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Monday, December 12, 2005

BA: Rockies Top 10

The Rockies have the opposite problem from the Dodgers; all of their minor league farm teams play in good hitting environments (as does the big club, of course). I think that makes it tough for the Rox to develop pitching prospects, for two reasons.

1. It’s hard for them to get innings under their belts, because they have to throw more pitches to get through a typical five-inning effort.
2. It’s hard for them to get the sense of succeeding. A five-inning, three-run outing in Tulsa or Colorado Springs is a “good” outing, but that’s not a pitcher’s typical mindset.

When the A-ball team was in Salem and the AA team was in Carolina, at least there was some semblance of normality to the environment.

I’m not especially impressed with this group beyond the top 2. I like Stewart’s chances of rebounding (he finished very well), and I think Tulowitzki is going to be a stud. I’ll be surprised if the Rockies get anything special from the rest of the top 10 - although I suppose if Nelson gets his head screwed on straight he could develop.

Mike Emeigh Posted: December 12, 2005 at 06:27 PM | 31 comment(s) Login to Bookmark
  Tags: minor leagues, prospect reports, rockies

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   1. 1k5v3L Posted: December 12, 2005 at 07:01 PM (#1773717)
I like Chris Iannetta a lot. Very good plate discipline, solid pop for a catcher. Won't be anywhere as good as Ian/Troy, but he should be a lot better than Closser. Nelson's value has dropped a bit (a lot?) but he is young and toolsy. I guess that'll have to do for now.

Aside from that, does anyone ever get excited about COL's pitching prospects?
   2. Tracy Ringolsby Posted: December 12, 2005 at 07:11 PM (#1773749)
I'd never heard Tulsa or Modesto or Tri-City ever referred to as hitter friendly parks. I know Colorado Springs and Asheville are. Casper is pretty fair from best I can tell.
   3. Dr. Vaux Posted: December 12, 2005 at 07:12 PM (#1773751)
No, because they'll just get lit up once they make the majors anyway. If I were an MLB pitching prospect, I'd just refuse to pitch for the Rockies. They'd trade me, because I'd bring something in return, and they wouldn't get anything out of me otherwise. Obviously I could only do that if I was a good prospect...
   4. Dingbat_Charlie Posted: December 12, 2005 at 07:23 PM (#1773776)
I think Shealy could do some damage if set free. I'd love to see the O's get him.
   5. MM1f Posted: December 12, 2005 at 07:24 PM (#1773778)
WHat are the head problems you've heard about Nelson? I thought it was just hammy problems combined with a bad year
   6. Der Komminsk-sar Posted: December 12, 2005 at 07:26 PM (#1773782)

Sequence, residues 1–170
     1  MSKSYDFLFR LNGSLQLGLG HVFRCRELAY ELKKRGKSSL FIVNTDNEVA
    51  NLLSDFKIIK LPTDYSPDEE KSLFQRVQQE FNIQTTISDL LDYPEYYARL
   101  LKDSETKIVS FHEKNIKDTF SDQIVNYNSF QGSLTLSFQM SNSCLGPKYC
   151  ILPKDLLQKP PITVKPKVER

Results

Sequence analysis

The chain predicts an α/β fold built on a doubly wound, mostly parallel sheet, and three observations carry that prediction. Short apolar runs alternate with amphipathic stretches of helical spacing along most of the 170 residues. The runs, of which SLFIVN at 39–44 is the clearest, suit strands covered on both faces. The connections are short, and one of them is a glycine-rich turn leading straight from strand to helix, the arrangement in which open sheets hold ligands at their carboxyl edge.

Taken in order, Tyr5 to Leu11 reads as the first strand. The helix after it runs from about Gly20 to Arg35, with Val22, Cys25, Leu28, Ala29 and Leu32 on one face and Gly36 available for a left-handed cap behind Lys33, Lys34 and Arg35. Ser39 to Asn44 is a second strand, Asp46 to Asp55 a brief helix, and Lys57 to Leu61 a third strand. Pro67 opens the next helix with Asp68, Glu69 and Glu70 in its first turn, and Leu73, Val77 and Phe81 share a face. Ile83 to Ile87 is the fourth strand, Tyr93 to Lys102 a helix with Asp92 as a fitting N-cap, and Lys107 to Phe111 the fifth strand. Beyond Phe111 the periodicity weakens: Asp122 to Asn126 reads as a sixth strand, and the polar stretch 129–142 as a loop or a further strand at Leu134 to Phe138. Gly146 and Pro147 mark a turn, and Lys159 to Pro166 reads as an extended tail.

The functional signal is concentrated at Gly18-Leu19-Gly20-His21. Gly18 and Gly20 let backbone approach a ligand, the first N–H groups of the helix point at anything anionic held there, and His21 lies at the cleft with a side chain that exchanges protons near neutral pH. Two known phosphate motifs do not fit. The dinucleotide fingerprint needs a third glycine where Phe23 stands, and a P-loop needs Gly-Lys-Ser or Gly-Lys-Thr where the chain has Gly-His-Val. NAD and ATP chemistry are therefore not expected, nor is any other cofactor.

From Dan's PF thread:
<u>Team                R    H   2B   HR   BB   SO</u>   
Colorado         1.34 1.22 1.22 1.24 1.08 0.92 
Colorado Springs 1.11 1.02 0.92 1.01 0.88 0.83 
Tulsa            0.95 0.94 0.96 1.19 1.13 1.18 
Modesto          0.99 0.96 1.10 0.69 0.99 1.10 
Asheville        1.24 1.08 0.82 1.59 1.03 0.85 
Tri-City (NW)    0.95 1.08 1.34 0.34 1.05 1.17 


It bears noting that the Cal League is a far better environment for hitters than the Carolina League - to a lesser extent, the TL is easier for hitters than the Southern.

What will be done with Matt Macri (he's blocked at third by Stewart and short by Tulowitzki)?
   7. Ignatius J. Reilly Posted: December 12, 2005 at 07:35 PM (#1773794)
Pretty sure that Macri is being tried at second...
   8. 1k5v3L Posted: December 12, 2005 at 07:44 PM (#1773812)
WHat are the head problems you've heard about Nelson?

His head isn't screwed on straight. So he has problems recognizing pitches.
   9. Boomer Posted: December 12, 2005 at 08:14 PM (#1773851)
His head isn't screwed on straight. So he has problems recognizing pitches.


This also results in a bunch of errors on wild throws to 1st.
   10. KJOK Posted: December 12, 2005 at 08:27 PM (#1773870)
Tulsa historically is a hitters park, although that may be partially obscured in the park factors by the fact they play in a league where almost all the parks are hitter friendly.

I also think Iannetta has a chance to be very good. Unfortunately, he was injured late in the year, or he might be ready TODAY to catch for the Rockies.

Jimenez has good stuff, but he didn't really PITCH all that well in Tulsa, and was in fact one of the least impressive rotation starters last year.
   11. Mike Emeigh Posted: December 12, 2005 at 10:30 PM (#1774136)
Tulsa historically is a hitters park, although that may be partially obscured in the park factors by the fact they play in a league where almost all the parks are hitter friendly.